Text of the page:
What does the writer hope to accomplish by creating this End Time prophecy website?
The writer did not create this End Time prophecy website in order to make money. In fact, he has used only his own time, effort and money to create it and, as anyone who has read it knows, nowhere asks for money. He did, however, create it with the hope that it would expand and develop into an online forum on which all persons with a serious interest in the End Time can present their own ideas about this subject. Until now, this expansion has been limited to the addition of a Facebook page on which readers may comment on images and comments posted by the writer, or add postings of their own. Readers may reach this page by clicking on the Facebook link on the Home page. If the level of reader activity on this Facebook page becomes great enough, the writer will create one or more groups which are dedicated to the discussion of aspects of the End Time which are of special interest to readers. Finally, if he finds that there is sufficient academic and financial support to support this step, the writer will create a second End Time prophecy website that includes live social media feeds, and the video resources necessary to show things like lectures by guest speakers, interviews and live online debates. Readers who are interested in helping with efforts of these kinds are invited to make contact with the writer via the 'Call Us' or 'Email Us' buttons included on the Home page of this website.
Whether or not this website is expanded in any of the above-described ways, the writer hopes that it will serve another important purpose. This is to serve as a Bible study resource that people can use to pose, sharpen and discuss important questions that involve the End Time or things closely associated with it. One example of such a question is if and how some still widely accepted interpretations of Jesus' teachings about hell as a place of everlasting punishment by fire for some of the dead can be reconciled with Old Testament's teachings about hell (Sheol in the NRSV Old Testament) as a place where all of the dead continue to exist as rephaim (or shades). This question is important because, if these teachings cannot be reconciled, it is reasonable to think that one or both of them ought to be modified or reinterpreted. While discussions of these possibilities are neither easy nor simple, they could hardly be more consequential. This is because the idea of a place of afterlife punishment by fire that continues without end for all eternity is so terrifying that any groups or individuals who are able to persuade people that there actually is a place of this kind, and that they know how to keep people from going there, have in their hands a power they can use to frighten people into supporting social and political causes they otherwise wouldn't. This, together with the fact that the First Amendment places few limits on the exercise of this power, make it imperative that questions of these kinds be discussed with a care and seriousness that reflects their potential long term impact on the future history of the United States.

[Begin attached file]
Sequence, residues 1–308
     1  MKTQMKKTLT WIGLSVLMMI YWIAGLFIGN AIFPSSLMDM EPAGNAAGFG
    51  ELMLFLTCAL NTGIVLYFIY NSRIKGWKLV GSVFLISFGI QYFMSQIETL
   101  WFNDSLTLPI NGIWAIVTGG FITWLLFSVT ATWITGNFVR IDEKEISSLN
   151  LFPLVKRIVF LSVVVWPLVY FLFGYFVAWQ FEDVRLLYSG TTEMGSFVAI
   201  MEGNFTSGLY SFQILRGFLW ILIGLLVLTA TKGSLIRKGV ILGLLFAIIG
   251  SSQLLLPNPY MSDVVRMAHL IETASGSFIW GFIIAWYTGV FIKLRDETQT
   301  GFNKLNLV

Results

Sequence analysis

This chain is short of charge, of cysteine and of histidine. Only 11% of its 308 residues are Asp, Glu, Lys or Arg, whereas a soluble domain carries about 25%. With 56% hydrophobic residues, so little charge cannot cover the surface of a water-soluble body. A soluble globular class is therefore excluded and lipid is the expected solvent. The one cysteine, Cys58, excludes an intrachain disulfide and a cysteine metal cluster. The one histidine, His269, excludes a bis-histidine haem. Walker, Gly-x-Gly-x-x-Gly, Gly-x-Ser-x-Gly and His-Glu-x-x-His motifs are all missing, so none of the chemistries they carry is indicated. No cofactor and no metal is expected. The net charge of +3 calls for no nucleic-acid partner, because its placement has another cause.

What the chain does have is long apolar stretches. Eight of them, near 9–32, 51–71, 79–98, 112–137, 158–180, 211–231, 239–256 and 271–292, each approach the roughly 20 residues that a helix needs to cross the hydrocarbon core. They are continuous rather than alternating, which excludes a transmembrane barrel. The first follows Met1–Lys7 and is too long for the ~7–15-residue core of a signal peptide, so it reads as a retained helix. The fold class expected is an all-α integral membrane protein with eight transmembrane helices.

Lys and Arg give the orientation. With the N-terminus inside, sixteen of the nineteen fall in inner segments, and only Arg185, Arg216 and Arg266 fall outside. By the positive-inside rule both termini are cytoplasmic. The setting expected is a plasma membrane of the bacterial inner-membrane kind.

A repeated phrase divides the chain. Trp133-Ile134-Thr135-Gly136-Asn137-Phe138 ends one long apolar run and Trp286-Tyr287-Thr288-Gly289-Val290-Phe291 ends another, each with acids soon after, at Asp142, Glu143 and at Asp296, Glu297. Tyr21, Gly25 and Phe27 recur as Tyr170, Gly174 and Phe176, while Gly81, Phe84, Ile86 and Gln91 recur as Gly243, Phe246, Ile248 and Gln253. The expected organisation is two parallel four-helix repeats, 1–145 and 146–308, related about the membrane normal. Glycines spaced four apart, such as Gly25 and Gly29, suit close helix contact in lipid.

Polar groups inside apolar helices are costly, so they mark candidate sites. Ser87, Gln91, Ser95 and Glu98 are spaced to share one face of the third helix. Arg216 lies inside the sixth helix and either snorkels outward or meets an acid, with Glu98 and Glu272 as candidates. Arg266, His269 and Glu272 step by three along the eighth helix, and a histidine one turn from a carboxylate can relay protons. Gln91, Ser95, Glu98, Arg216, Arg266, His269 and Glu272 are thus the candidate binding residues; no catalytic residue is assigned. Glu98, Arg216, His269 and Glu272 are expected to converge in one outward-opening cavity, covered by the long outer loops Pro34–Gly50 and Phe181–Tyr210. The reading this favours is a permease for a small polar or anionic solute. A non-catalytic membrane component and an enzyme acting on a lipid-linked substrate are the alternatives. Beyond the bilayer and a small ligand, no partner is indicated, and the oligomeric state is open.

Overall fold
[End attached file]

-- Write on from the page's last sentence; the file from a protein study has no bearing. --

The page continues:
If I have the time to read only a few pages of this website carefully, which pages should they be?
If a reader does not have the time to read all of the pages of this website, the writer recommends that he read at least the webpage or Adobe PDF version of the page titled 'Introduction', and the page titled 'Issues'. He recommends that readers start with the Introduction page because this page includes definitions of the key terms that are used throughout this website, and gives examples of the kinds of Biblical words, phrases, and concepts that do and do not fall within these definitions. This page then goes on to describe the scope of this website by discussing which subjects are covered, and which are not, and why. The Introduction page also includes a description of how the documents that make up this website are divided into Main and Auxiliary End Time Files, and how readers may take advantage of this division to quickly find the documents or parts of documents where the End Time teachings of Jesus that they are most interested in may be found. Once these documents or parts of documents have been found, readers can then use the search capabilities and Special Display Features described later on this page to find groups of Bible texts that relate to the same subject, and show them adjacent to one another in ways that make them easier to compare on a line-by-line or word-by-word basis. This ability to show and compare Bible texts in this way is important because it can help a reader more easily and quickly determine how these texts are related, and if and how they may affect each other's meanings.